Matched patient PDX avatar-directed programs for clinical advance | 3966
Drug Designing: Open Access

Drug Designing: Open Access
Open Access

ISSN: 2169-0138

Matched patient PDX avatar-directed programs for clinical advancement

International Conference and Expo on Drug Discovery & Designing

August 11-13, 2015 Frankfurt, Germany

Neal Goodwin

Scientific Tracks Abstracts: Drug Des

Abstract :

Patient derived xenograft (PDX)platforms where patients’ solid tumors are engrafted to form mouse-avatar models for conducting
personalized treatment testing have been established. Therapeutic treatment responses in these mouse avatars are being used
prospectively to guide patient treatment and are then compared with the treatment responses in patients. Biomarker data is being
collected and analyzed to ascertain signatures of molecular response to treatment for downstream predictive patient treatment
algorithms for designing better prescriptive treatments. These avatar platforms have shownefficient patient tumor take rate while
maintaining high genomic and histopathology fidelity to the original patient tumors. PDX programsare being expanded to support
large-scale predictive medicine clinical trials in multiple therapeutic areas. These resources are being employed by the global drug
discovery and development community for conducting efficient high-throughput translational medicine screens across a multitude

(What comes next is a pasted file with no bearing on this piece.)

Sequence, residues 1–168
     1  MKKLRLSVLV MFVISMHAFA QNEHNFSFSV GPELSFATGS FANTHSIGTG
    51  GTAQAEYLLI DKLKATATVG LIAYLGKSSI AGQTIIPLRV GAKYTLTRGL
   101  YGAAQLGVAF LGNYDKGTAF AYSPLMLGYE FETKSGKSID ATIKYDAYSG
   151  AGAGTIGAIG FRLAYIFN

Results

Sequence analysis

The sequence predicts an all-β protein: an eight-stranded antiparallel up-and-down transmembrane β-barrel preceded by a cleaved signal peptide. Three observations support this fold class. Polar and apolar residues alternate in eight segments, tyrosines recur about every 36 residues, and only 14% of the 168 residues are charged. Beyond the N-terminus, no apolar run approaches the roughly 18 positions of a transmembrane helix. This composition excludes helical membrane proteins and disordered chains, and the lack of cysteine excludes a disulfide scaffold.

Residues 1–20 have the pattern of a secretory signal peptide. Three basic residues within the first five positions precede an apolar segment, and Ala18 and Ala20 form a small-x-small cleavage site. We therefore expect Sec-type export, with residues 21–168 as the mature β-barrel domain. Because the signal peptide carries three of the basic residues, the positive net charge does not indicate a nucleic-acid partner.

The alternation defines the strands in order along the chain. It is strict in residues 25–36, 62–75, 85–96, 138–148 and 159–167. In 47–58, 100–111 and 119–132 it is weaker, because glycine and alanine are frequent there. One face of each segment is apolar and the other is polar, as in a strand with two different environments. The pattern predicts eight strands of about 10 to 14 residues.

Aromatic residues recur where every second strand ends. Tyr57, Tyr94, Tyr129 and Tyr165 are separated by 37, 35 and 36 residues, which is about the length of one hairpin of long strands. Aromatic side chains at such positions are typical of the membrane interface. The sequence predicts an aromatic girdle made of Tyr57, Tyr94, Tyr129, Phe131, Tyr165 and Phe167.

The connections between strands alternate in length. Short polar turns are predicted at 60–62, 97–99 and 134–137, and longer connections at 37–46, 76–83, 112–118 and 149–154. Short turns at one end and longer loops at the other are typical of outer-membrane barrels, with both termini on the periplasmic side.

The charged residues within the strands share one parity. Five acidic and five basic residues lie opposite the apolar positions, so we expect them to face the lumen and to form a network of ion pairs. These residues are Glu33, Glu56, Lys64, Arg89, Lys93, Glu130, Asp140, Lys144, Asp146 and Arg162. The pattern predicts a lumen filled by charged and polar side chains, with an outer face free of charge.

of avatar models.

Biography :

Neal Goodwin, serves as Vice President Corporate Research Development for Champions Oncology. His responsibilities include development of the patient derived
tumorgraft pharmacology portfolio for both the personalized oncology and translational oncology solutions. He previously served as the Director Research and Development
and the founding Program Director of JAX Cancer Services. Goodwin was the co-founder and Chief Scientific Officer of ProNAi Therapeutics, an advanced clinical
trial-staged oncology therapeutics firm. He also previously served as a senior research scientist in genomic technologies at Pharmacia. Goodwin received a Ph.D. in
Microbiology from The University of Montana and served a postdoctoral fellowship in functional genomics at The Jackson Laboratory with John Schimenti (now at Cornell).